Renal Transporters in Drug Disposition, Drug‐Drug Interactions, and Nephrotoxicity

Bo Feng1, Ayman F. El‐Kattan1, Zaher A. Radi2

1 Pharmacokinetics, Dynamics and Metabolism, Pfizer Worldwide Research and Development, Groton, Connecticut, 2 Drug Safety Research and Development, Pfizer Worldwide Research and Development, Cambridge, Massachusetts
Publication Name:  Current Protocols in Toxicology
Unit Number:  Unit 23.3
DOI:  10.1002/0471140856.tx2303s53
Online Posting Date:  August, 2012
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Abstract

This unit describes in detail the in vitro methods for measuring the interaction of new chemical entities (NCEs) with human renal transporters (hOAT1, hOAT2, and hOCT2) as both a substrate and inhibitor. Renal transporter substrate assays help in the identification of renal secretion mechanisms and assessment of the potential renal drug‐drug interactions (DDIs) for NCE as a target, as well as to predict its renal clearance in humans. Human renal transporter (hOAT1, hOAT2, and hOCT2) inhibition assays characterize the inhibition potency of NCE and predict the potential for renal DDIs as a perpetrator with xenobiotics and drugs that are mainly renally cleared. In addition, such inhibition assays enable a better assessment of the potential for renal transporter‐mediated nephrotoxicity and pathology. Therefore, renal transporter substrate and inhibition assays are pivotal in drug discovery and development for renally cleared drugs and those that are co‐administered with marketed compounds mainly eliminated via the kidney. Curr. Protoc. Toxicol. 53:23.3.1‐23.3.15. © 2012 by John Wiley & Sons, Inc.

Keywords: renal transporters; nephrotoxicity; drug‐drug interaction

     
 
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Table of Contents

  • Introduction
  • Basic Protocol 1: Organic Cation Transporter 2 (OCT2), Organic Anion Transporter 1 (OAT1), and Organic Anion Transporter 3 (OAT3)–Mediated Uptake Assay
  • Basic Protocol 2: OAT1, OAT3, and OCT2 Renal Transporter–Mediated Inhibition (IC50) Assay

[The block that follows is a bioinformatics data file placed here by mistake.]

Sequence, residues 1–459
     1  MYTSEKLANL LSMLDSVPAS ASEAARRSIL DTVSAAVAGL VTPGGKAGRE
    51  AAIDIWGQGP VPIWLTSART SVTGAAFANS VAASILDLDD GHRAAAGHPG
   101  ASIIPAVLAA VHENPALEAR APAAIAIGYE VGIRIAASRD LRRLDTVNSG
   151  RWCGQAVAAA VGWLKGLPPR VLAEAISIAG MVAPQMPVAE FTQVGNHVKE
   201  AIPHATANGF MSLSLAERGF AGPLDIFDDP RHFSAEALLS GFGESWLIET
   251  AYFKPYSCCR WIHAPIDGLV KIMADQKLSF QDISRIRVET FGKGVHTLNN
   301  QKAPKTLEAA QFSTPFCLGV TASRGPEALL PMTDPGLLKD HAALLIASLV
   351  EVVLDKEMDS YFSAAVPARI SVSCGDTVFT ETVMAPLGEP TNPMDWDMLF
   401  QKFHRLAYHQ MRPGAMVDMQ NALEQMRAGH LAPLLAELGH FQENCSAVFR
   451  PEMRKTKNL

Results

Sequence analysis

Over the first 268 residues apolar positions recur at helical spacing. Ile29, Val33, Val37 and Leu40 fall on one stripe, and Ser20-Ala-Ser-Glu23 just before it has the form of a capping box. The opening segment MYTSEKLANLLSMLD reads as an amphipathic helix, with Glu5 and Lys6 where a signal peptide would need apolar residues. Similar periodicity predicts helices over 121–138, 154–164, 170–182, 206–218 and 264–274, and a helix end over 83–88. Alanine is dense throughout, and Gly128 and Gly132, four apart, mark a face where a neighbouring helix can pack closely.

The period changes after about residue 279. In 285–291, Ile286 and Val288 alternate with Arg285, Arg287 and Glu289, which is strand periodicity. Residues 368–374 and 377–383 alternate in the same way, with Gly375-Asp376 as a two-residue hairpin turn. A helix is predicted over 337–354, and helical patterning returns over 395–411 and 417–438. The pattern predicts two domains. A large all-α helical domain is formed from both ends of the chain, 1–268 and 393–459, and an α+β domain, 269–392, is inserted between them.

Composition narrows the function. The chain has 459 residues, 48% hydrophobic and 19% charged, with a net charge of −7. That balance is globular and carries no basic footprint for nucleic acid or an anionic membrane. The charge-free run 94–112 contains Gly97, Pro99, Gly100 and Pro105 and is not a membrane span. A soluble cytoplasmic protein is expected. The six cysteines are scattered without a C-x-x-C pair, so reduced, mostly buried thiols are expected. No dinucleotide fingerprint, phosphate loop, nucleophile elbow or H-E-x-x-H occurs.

• Support Protocol 1: Transfecting, Selecting, and Culturing HEK293 Cells for Transporter Assays
  • Support Protocol 2: Sample Processing and Quantification for Both Scintillation Counting and LC‐MS/MS
  • Reagents and Solutions
  • Commentary
  • Literature Cited
  • Figures
     
 
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Materials

Basic Protocol 1: Organic Cation Transporter 2 (OCT2), Organic Anion Transporter 1 (OAT1), and Organic Anion Transporter 3 (OAT3)–Mediated Uptake Assay

  Materials
  • HEK293 Flp‐In cells (Invitrogen, cat. no. R750‐07)
  • Growth medium 1 (see recipe)
  • HEK293 Flp‐In cell lines (see protocol 3)
  • HEK293 Flp‐In cells transfected with hOCT2
  • HEK293 Flp‐In cells transfected with hOAT1
  • HEK293 Flp‐In cells transfected with hOAT3
  • Growth medium 2 (see recipe)
  • Radiolabeled probe substrates:
    • [14C]Tetraethyl ammonium (TEA) (ARC, cat. no. 0577; 50 µCi, 55 mCi/mmol, 0.1 mCi/ml); [14C] TEA at 50 µM final concentration as a positive control substrate for OCT2 transporter assay
    • [3H]p‐Aminohippuric acid (PAH) (Perkin Elmer, cat. no. NET053001MC; 4.54 Ci/mmol, 1 mCi/ml); [3H] PAH at 2 µM final concentration as a positive control substrate for OAT1 transporter assay
    • [3H]Estrone‐3‐sulfate (E‐3‐S) (NEN Life Science Products, cat. no. NET203250UC; 46 Ci/mmol, 1 mCi/ml); [3H]E‐3‐S at 100 nM final concentration as a positive control substrate for OAT1 transporter assay
  • Transport buffer (see recipe)